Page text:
Trinidad and Tobago is a Caribbean nation of contrasts. A thriving oil industry and recent investments in natural gas production ensure that the twin island nation doesn't depend on sun, sand, and sea tourism to maintain its status as a developed nation. Yet, despite great wealth, significant poverty exists, with recent reports revealing that more than 20 percent of the population is living below the poverty line.
Tuesday, May 20, 2014
The following blog entries comprise the 11 Big Ideas from the IIE Green paper, “What will it take to Double Study Abroad?” We invite you to add to the discussion by commenting on one or more of the 11 blog entries in this series.
We stand now at approximately 500 days from the initial target date for the achievement of the Millennium Development Goals set in 1990. These goals represent the most ambitious shared aspirations of humanity the modern world ever assembled. As we take measure now of the successes and shortfalls of this global effort, redouble our efforts for real, sustained progress in these final 500 days, and establish the framework for beyond 2015, I am inspired by what has been achieved and worried about what comes next.
The HER girls, participants of IIE’s Higher Education Readiness (HER) program, have been busy over the past few months with tutoring, meeting with their mentors, and the important year-end exams. This summer they are attending entrepreneurship and English language training workshops.
In an op-ed in the New York Times about the ‘world’s coolest places,’ columnist Nick Kristof writes that "travel can also be an education, a step toward empathy and international understanding." At IIE, we couldn't agree more. In fact, this was one of the most important factors that led to the establishment of IIE in 1919.
Launched in 2012, IIE’s research center is now changing its name to the IIE Center for Academic Mobility Research and Impact. Why are we doing this and why now? It is not just a matter of semantics. Instead, it reflects the evolving nature of our work and of the emphasis the Institute places on measuring the impact of what we do. While IIE continues to be at the forefront of applied research on international student mobility through Open Doors and Project Atlas, our Center’s work has expanded rapidly to studying the impact of international higher education programs—including scholarships and fellowships—on individuals, institutions, and communities. This shift in our work reflects a growing awareness within the broader field of international education about the importance of assessing and documenting the profound and sustained influence that international education exchange can have.
Last month, the President of Brazil announced that the Federal Government would provide an additional 100,000 scholarships for Brazilian undergraduates to participate in the Brazil Scientific Mobility Program, which enables them to study during their junior year in the United States and other countries. Currently over 80,000 students are participating in the program. The announcement means that by 2018, some 200,000 will have had the chance to learn another language and study and intern in relevant fields for the country's employment needs.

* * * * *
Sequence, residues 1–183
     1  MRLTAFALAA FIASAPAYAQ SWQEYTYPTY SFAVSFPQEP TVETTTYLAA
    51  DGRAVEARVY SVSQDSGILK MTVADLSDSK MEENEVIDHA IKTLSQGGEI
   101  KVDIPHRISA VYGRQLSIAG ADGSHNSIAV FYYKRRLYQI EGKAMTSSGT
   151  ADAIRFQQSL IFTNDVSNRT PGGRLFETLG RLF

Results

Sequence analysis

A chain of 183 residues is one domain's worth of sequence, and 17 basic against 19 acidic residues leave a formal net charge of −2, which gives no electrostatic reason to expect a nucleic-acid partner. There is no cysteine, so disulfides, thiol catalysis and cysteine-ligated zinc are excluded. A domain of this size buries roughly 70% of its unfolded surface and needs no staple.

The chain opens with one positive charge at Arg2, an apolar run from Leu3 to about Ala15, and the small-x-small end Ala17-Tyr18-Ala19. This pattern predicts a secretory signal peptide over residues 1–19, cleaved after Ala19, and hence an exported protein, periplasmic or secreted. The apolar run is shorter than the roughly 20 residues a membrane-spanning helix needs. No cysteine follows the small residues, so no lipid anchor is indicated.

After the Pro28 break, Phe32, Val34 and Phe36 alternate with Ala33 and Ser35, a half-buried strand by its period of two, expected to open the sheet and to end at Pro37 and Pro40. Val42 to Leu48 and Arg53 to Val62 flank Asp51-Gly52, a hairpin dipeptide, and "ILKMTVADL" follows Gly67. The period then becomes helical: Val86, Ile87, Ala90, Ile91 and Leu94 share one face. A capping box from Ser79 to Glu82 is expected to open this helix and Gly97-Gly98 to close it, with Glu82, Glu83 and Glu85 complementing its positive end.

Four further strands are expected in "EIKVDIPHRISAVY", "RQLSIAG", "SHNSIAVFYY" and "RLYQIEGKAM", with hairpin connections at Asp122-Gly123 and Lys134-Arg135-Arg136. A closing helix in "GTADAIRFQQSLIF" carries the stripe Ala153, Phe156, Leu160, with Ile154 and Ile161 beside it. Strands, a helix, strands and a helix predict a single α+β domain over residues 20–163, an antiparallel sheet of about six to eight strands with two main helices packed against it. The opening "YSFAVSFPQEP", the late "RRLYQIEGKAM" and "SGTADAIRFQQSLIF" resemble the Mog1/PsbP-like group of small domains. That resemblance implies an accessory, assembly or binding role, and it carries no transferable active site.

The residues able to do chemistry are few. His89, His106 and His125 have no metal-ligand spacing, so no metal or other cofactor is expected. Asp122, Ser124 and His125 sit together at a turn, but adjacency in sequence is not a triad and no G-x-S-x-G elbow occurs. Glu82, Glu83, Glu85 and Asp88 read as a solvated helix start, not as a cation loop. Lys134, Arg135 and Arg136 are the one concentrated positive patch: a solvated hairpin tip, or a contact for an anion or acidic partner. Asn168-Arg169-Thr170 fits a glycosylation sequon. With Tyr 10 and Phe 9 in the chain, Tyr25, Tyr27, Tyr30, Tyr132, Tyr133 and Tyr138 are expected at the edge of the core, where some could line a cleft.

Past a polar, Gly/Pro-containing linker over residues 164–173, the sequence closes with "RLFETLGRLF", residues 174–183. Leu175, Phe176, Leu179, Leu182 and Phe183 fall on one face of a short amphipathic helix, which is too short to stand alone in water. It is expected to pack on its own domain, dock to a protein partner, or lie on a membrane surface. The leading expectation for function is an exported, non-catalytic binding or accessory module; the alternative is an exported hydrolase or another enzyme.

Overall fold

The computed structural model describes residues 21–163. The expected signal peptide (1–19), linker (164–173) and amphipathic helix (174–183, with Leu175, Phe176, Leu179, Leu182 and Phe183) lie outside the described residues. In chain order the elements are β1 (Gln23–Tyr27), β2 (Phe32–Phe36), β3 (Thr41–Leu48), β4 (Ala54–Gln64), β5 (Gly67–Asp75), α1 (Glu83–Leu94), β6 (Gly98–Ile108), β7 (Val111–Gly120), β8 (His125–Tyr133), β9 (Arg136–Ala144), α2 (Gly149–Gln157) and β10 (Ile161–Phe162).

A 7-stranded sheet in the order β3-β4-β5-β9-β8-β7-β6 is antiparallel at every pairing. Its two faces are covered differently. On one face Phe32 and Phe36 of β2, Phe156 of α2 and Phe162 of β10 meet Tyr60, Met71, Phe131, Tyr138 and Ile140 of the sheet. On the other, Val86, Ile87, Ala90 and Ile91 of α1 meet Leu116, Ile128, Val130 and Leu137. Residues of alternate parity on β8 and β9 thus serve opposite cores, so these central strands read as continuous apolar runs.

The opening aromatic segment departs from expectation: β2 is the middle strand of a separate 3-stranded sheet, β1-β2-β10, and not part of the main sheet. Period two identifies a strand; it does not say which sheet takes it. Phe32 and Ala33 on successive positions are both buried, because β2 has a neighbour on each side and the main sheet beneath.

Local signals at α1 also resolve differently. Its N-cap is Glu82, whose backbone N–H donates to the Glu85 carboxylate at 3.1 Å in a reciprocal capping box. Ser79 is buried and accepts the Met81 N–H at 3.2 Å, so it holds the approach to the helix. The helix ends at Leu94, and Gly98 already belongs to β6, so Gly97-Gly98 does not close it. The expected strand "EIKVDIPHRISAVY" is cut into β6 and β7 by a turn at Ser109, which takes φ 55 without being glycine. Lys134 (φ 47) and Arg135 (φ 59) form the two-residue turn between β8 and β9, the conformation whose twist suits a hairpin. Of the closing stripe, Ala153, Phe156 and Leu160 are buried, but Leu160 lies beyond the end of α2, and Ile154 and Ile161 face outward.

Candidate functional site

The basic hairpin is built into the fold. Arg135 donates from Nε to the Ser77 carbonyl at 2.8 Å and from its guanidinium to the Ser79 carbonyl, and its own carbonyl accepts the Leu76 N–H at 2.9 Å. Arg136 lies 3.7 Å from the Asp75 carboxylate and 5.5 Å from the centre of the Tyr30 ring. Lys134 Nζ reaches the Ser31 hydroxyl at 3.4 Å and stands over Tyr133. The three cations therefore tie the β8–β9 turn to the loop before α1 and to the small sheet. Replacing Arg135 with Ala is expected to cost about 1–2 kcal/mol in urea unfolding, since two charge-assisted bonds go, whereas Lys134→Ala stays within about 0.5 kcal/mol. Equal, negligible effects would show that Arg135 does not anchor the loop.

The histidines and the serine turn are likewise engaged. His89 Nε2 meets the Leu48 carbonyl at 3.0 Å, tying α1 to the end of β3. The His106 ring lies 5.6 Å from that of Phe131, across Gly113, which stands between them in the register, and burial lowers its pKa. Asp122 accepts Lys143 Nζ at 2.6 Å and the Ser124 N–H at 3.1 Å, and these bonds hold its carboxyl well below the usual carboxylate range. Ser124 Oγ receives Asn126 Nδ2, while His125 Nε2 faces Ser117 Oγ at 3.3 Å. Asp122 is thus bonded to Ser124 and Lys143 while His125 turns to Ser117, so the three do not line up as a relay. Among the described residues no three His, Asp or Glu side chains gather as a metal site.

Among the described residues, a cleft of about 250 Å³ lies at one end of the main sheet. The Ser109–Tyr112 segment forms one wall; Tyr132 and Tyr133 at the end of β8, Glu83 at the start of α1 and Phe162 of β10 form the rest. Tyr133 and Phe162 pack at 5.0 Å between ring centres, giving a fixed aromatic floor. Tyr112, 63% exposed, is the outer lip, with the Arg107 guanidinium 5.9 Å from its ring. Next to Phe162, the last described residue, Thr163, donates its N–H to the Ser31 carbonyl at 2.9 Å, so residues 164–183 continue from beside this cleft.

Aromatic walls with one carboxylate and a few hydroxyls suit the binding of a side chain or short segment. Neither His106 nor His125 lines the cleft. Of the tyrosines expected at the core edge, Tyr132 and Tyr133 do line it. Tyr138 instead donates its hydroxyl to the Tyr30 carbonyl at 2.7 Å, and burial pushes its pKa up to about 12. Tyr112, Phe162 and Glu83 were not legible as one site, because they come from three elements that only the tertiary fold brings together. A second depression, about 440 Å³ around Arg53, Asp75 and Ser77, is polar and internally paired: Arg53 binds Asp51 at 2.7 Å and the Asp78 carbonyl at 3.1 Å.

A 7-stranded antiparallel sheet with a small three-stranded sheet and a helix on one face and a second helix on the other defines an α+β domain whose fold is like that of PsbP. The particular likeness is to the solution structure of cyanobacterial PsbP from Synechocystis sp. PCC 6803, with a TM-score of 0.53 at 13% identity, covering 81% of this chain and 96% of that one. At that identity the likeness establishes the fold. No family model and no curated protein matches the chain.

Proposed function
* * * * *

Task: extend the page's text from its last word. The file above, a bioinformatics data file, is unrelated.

“Thank God we’re alive, but we are dying an intellectual death.”
Wearing a colorful headscarf and a seemingly permanent look of sorrow, an intense and charismatic professor I’ll call Noora shared with me her tragic story of fleeing Syria and becoming a refugee. I was in Reyhanlı, a dusty border town in Turkey’s southernmost province, to meet with Syrians whose university education and academic work had been interrupted indefinitely due to the conflict in their homeland. Among the more than three million Syrian refugees, including an estimated one million in Turkey, there are tens of thousands of university students and professors.
Jam-packed and intense—these are two adjectives I would use to describe the four-day-long Price Babson Symposium for Entrepreneurship Educators (SEE), which I had the privilege of participating in this past May. The symposium, which is one of the leading training programs for entrepreneurship educators, had already graduated 33 classes, comprising more than 3200 individuals from over 650 institutions worldwide. As a participant in SEE 34, I had the pleasure to collaborate, brainstorm, and learn from and with 59 other educators from 13 different countries (from the United States and Canada to Thailand, Bahrain, Brazil, and Argentina). Moreover, I spent a significant part of the training in a group.
With the Millennium Development Goals nearing their deadline, the development sector has been rife with speculation about what the post-2015 development agenda will look like and what role, if any, higher education should play in this future outlook. So it is only appropriate that the United Nations is asking whether Massive Open Online Courses (MOOCs)—with their focus on offering tertiary-level courses for mass consumption—are a panacea for increasing access to tertiary education in the developing world, or whether they will instead widen the gap between those with access to higher education and those without.